1. News
  2. /
  3. Tampa

Tampa considers bidding revamp after Hanna Avenue controversy

Mayor Jane Castor’s administration wants to rewrite bidding rules to prevent contracts like the $108 million City Center project.
Tampa Mayor Jane Castor has advanced a proposal to revamp bidding rules to effectively prevent a repeat of the controversial East Tampa City Center project.
Tampa Mayor Jane Castor has advanced a proposal to revamp bidding rules to effectively prevent a repeat of the controversial East Tampa City Center project. [ DIRK SHADD | Times ]
Published May 19|Updated May 19

TAMPA — For months, Mayor Jane Castor and city officials have argued they did nothing wrong by not rebidding a city contract for a massive municipal complex after costs increased tenfold.

And Castor has defended not rebidding the project as her decision to move forward quickly on a much-needed workspace for city workers and a boost for economically struggling East Tampa.

Yet at Thursday’s City Council meeting, Castor’s administration advanced a proposal that would prevent another City Center project in which the original $10 million design-build contract ballooned to at least $108 million.

Future projects would have to come back to City Council as a new contract if their costs increase by more than twice the original estimate, said deputy city attorney Morris Massey.

The changes would place a “limitation on the ability to increase project scope,” said Massey.

Black community leaders and contractors raised forceful protests starting late last year after word spread that the Hanna Avenue project hadn’t been rebid despite massive increases in costs and in the number of city departments and divisions relocated.

Related: Bidding process on huge Tampa city project comes under scrutiny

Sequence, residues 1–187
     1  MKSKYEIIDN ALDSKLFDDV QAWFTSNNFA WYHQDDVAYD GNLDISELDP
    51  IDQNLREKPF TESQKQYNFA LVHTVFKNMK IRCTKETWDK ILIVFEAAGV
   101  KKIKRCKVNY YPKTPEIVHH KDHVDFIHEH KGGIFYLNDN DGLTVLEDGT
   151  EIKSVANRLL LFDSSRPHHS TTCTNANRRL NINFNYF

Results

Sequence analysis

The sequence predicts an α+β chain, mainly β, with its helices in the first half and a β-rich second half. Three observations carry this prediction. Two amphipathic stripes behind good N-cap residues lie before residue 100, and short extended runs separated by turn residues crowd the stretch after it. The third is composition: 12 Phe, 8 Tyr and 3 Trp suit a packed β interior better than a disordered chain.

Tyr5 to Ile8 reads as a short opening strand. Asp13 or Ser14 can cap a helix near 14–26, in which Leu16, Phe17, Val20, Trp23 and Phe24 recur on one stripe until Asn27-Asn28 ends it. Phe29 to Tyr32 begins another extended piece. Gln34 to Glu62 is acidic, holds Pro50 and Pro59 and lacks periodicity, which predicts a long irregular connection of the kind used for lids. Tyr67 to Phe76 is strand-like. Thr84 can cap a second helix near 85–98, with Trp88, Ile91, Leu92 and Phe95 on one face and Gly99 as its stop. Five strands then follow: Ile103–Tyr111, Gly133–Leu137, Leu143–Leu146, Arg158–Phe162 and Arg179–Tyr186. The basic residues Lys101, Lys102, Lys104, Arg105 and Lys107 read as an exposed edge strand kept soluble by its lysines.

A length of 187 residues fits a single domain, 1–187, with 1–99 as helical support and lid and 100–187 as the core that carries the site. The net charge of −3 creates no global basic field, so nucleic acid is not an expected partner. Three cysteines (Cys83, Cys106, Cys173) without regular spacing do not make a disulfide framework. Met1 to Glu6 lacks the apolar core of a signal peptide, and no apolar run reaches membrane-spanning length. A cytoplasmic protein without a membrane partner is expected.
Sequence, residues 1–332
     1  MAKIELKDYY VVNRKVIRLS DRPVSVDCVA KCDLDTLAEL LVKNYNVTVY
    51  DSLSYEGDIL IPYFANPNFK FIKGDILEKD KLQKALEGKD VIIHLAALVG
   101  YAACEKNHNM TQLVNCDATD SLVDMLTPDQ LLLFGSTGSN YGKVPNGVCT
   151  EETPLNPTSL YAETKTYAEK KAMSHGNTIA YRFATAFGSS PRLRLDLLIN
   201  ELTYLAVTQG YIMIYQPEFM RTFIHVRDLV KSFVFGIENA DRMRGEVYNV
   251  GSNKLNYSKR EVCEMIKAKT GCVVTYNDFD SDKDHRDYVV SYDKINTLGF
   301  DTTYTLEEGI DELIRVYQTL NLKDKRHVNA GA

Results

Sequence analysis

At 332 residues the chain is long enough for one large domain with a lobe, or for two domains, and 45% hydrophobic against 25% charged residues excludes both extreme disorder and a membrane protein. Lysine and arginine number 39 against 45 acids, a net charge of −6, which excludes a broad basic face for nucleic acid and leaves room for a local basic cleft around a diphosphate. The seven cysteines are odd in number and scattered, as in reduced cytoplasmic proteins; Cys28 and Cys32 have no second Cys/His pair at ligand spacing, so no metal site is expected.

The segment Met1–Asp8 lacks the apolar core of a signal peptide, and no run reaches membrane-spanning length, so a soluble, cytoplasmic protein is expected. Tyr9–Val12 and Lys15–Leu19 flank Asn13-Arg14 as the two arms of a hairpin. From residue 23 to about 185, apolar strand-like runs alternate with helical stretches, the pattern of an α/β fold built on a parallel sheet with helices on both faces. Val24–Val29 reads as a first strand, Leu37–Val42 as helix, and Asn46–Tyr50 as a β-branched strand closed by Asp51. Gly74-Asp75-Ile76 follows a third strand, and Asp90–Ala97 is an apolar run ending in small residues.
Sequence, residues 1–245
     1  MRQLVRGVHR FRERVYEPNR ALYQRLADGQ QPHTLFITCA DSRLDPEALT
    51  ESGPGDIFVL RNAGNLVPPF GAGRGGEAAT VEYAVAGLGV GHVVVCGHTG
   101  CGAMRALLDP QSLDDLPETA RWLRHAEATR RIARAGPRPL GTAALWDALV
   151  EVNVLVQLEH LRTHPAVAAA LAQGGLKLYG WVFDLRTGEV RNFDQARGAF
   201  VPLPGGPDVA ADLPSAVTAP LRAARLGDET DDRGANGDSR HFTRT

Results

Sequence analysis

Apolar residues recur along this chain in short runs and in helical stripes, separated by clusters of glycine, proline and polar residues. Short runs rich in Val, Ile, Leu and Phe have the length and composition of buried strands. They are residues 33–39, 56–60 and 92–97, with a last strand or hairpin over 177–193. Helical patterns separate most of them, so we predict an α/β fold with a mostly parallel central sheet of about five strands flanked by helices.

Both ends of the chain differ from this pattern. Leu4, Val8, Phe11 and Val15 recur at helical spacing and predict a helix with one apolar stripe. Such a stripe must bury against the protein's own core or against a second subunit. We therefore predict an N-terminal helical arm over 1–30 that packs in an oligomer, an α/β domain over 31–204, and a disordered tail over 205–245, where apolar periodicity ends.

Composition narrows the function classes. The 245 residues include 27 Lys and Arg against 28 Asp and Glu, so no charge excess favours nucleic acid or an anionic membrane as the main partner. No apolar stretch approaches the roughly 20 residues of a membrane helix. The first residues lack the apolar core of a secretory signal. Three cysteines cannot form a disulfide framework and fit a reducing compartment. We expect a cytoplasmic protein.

In an effort to increase transparency, the city would widely advertise design-build contracts online and notify minority- and women-owned contracting firms by email, Massey said.

For several months, city officials declined to name who made the decision to go ahead with DPR, the construction management firm that won a 2015 contract to design and build city workspaces on an 11-acre property at 2515 E Hanna Ave. That contract did include far more modest plans for a relocation of a few city departments, including the Police Department. But those plans were shelved until 2020, when city officials decided to act quickly on the larger project.

Last month, Castor told the Times she had made the call.

Related: City Center project still has unanswered questions

The City Center project was not mentioned by Massey during his brief presentation. No council member asked him how the proposed changes related to the Hanna Avenue project, which would bring hundreds of city workers to East Tampa.

Asked if the changes represent an admission by the Castor administration that the Hanna Avenue process was flawed, her spokesperson Lauren Rozyla emailed a statement that didn’t answer the question.

“The Administration followed the state’s Consultants’ Competitive Negotiation Act (CCNA) process every step of the way. We listened to concerns raised by community members about the current law that governs procurement. This is a great example of the Administration working with Council to bring additional transparency to a complex process,” read Rozyla’s email.

In other news, council members unanimously approved an ordinance requiring landlords to give 60 days’ notice to tenants if they plan to raise the rent.

Stay on top of what’s happening in Tampa

Stay on top of what’s happening in Tampa

Subscribe to our free Tampa Times newsletter

You’ll get a roundup of the biggest Tampa community news twice a week.

You’re all signed up!

Want more of our free, weekly newsletters in your inbox? Let’s get started.

Explore all your options

The ordinance notes that rents have increased by nearly a third in slightly more than a year in the Tampa Bay area and residents are facing a housing crunch.

The ordinance also increases the notification period to 30 days before a month-to-month lease can be terminated.

The new ordinance would apply to current leaseholders, city officials said.


This site no longer supports your current browser. Please use a modern and up-to-date browser version for the best experience.

Chrome Firefox Safari Edge